I seriously doubt, in the culture GP described, that unaffiliated burglaries and muggers aren't already being "policed" by the existing criminal element. The new police aren't going to do any better without a culture shift in the community. Any attempts to stop the affiliated burglaries and muggers will result in retaliation from the people who are actually in charge of Oakland.

Re:Changing culture (0)

Anonymous Coward | about a year ago | (#45063219)

donut and a radar gun

LOL

What, no plastic shopping bag ban enforcement? People not getting busted for driving and talking on a cell phone? What will we do??

What's the point of this?

People are just trying to hang on. Their neighborhoods are surrounded by welfare state bred cretins thieving and vandalizing and the residents want to make their persons and property less appealing to the consequences of the 'local culture,' as you call it.

If they haven't already the media, led by Sharpton and MSNBC, will condemn this as 'racist' and shame these people into abandoning their plan. So, nothing to worry about; move along.

Re:Changing culture (2)

xaxa (988988) | about a year ago | (#45063387)

For one thing, they'll presumably be enforcing the laws they're paid to enforce, and not the laws local people don't care about. So more likely to be patrolling to discourage burglars and muggers than sitting at the side of the road with a donut and a radar gun.

Many people have made a similar point.

Why don't they either
a) increase the penalty for speeding, to reduce the rate of offending
b) Increase speed limits, if that's really what people want
c) Install speed cameras at high-risk locations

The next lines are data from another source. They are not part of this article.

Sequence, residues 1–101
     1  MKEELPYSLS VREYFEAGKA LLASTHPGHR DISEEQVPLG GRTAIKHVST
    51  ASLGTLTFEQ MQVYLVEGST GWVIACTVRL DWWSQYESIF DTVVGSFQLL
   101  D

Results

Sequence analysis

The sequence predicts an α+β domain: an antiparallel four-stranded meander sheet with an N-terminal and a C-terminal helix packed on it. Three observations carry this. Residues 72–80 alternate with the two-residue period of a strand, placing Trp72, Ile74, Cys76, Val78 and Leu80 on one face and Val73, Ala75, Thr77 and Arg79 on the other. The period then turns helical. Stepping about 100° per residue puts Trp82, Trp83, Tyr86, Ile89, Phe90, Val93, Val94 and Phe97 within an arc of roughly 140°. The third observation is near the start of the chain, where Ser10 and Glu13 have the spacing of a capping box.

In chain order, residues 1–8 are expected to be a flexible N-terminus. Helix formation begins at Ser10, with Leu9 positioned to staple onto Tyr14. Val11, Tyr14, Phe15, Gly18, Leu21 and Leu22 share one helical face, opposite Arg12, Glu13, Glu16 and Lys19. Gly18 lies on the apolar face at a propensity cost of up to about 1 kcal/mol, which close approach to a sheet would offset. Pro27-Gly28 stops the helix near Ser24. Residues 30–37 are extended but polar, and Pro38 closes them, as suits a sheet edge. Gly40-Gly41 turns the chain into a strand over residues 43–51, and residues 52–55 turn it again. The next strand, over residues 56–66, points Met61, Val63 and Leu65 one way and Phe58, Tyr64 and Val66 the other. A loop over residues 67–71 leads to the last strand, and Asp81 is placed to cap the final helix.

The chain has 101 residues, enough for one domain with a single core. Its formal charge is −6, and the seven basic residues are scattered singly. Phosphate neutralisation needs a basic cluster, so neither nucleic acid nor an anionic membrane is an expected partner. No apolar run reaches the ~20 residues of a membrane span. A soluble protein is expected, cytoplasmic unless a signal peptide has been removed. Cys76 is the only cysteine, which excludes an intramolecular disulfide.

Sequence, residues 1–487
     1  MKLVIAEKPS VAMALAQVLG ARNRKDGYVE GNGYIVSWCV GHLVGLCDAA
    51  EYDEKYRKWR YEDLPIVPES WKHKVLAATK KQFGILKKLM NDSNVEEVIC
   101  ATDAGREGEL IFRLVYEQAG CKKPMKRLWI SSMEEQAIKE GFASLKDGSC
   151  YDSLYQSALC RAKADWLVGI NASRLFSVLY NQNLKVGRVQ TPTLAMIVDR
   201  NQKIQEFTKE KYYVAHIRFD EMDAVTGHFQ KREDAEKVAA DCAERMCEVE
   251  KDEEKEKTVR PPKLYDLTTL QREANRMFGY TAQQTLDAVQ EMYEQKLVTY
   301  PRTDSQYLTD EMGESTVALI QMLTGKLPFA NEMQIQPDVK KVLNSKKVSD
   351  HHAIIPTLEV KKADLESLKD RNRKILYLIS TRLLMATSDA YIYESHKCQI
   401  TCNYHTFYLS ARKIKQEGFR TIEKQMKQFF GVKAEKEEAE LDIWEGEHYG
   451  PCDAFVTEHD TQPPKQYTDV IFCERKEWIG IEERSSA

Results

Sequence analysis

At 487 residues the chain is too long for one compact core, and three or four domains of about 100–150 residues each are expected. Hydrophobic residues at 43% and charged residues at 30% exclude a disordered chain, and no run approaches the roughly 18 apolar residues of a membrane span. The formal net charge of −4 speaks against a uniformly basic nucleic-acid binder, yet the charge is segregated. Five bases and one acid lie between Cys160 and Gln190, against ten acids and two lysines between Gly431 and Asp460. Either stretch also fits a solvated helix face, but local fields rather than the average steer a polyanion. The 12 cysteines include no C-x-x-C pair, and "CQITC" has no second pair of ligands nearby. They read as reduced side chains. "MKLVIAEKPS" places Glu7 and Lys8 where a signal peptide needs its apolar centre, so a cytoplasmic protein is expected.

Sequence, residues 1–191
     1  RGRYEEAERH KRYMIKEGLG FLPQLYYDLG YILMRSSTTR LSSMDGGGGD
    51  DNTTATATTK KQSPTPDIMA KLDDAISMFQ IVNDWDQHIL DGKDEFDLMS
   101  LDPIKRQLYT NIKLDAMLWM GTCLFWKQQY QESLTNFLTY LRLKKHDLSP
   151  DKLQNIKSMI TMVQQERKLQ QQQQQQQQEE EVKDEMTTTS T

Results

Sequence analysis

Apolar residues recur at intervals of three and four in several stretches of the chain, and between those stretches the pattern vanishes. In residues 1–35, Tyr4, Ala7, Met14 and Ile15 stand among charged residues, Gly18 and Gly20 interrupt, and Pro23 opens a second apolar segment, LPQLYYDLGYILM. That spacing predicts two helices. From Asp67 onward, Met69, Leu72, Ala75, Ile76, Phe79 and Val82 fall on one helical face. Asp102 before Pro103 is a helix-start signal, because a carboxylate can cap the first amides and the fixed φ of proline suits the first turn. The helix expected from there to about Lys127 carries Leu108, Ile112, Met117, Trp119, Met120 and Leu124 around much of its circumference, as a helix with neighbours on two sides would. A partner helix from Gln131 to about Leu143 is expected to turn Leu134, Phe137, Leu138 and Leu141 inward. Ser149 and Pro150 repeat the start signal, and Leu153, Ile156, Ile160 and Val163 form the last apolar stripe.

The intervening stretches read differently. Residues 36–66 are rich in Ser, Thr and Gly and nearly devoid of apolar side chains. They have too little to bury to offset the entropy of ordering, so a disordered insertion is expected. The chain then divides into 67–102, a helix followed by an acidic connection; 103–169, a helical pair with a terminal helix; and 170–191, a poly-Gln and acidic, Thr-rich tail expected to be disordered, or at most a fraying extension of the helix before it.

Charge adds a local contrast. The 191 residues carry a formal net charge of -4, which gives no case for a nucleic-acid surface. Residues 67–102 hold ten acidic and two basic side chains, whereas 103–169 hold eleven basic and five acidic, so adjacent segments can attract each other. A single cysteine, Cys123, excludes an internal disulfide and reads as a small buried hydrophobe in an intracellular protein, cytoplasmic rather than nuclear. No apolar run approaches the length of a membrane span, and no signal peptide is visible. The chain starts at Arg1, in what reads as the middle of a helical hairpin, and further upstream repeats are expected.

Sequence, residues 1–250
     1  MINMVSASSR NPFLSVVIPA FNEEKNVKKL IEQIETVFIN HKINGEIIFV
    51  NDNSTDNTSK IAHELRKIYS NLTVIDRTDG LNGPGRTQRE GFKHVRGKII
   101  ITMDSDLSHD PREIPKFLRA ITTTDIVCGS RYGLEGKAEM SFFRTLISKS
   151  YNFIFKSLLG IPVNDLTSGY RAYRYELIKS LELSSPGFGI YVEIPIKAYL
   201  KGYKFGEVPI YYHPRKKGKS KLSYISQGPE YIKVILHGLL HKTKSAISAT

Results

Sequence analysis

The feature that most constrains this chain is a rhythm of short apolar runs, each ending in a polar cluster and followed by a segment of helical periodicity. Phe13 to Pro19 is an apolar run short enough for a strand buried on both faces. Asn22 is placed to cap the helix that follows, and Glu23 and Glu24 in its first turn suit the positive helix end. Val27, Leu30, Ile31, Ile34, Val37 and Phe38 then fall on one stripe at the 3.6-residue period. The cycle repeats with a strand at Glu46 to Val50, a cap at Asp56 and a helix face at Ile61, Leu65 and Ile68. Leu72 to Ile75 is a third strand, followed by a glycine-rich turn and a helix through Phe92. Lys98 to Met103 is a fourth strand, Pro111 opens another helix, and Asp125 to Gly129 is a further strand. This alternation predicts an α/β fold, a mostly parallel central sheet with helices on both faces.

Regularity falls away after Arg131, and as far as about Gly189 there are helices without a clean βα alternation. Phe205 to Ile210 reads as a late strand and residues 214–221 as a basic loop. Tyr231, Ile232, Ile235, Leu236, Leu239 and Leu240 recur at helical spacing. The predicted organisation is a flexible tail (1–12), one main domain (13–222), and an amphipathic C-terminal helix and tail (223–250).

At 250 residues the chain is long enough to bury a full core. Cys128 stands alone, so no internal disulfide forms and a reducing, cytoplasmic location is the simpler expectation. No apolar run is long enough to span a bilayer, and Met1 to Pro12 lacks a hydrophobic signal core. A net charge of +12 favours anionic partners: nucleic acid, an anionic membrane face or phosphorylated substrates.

In America I think you have elected police chiefs, so I'd expect some of this to be easy.

Re:Changing culture (1)

techprophet (1281752) | about a year ago | (#45063107)

I'm curious what laws are in place that would result in the 'Residents' getting pissed about getting arrested. Drug laws? Or are you trying to insinuate that some not-insignificant segment of the given population is involved in muggings?

Re:Changing culture (0)

Anonymous Coward | about a year ago | (#45063243)

In general, the mostly victimless crimes, speeding, drug use, various traffic violations (I understand many of those can have victims, but in general it's not usually a problem when someone is doing 60 in a 55, or turns on red when they shouldn't, or smokes pot on the sidewalk). Most people would rather their cops patrol, looking for violent crimes, and in general giving out no tickets and making no arrests. Patroling looking for violent crime doesn't generate the income that speeding tickets generate, so from a financial and tax POV, it looks like the cops are doing nothing when they just patrol for stuff.

Re:Changing culture (0)

Anonymous Coward | about a year ago | (#45063351)

Gee, why don't you ask the Chicago police how it feels to arrest a 9-year-old for armed robbery a few days after having arrested him for carjacking.

The word is 'niggers'.

Anyway, the only way these private police would be any more effective than the public police is if they would start to violate the civil rights of the niggers, by questioning and arresting them proportionately to their complicity in crimes rather than proportionately to their population. Something tells me they're just going to forward the niggers they catch to the public courts, where liberals will show off how enlightened they are by advocating for their release.

Anyway, if it works, Oakland will become habitable for human civilization again, and property values will go up. Niggers need crime to keep their control over otherwise-desirable areas.

Legal Advice? (1)

sqorbit (3387991) | about a year ago | (#45062947)

More great legal advice from slashdot? Are we going to have a bunch of investment advice soon?

Re:Legal Advice? (0)

h4rr4r (612664) | about a year ago | (#45063011)

Don't worry some nutter will be along to try to sell you his gold real soon. I smile every time the price goes down.

Oh, the irony... (1)

QuietLagoon (813062) | about a year ago | (#45062955)

I'd be willing to bet that many, if not most, of those funding this have backed reduced taxes and the subsequent reduction of the police force.

Pro Tip: (2)

cookYourDog (3030961) | about a year ago | (#45062961)

Leave Oakland.

I don't care how attached I may feel to a location, the safety of my family is my number one priority.

Re:Pro Tip: (1)

mythosaz (572040) | about a year ago | (#45063123)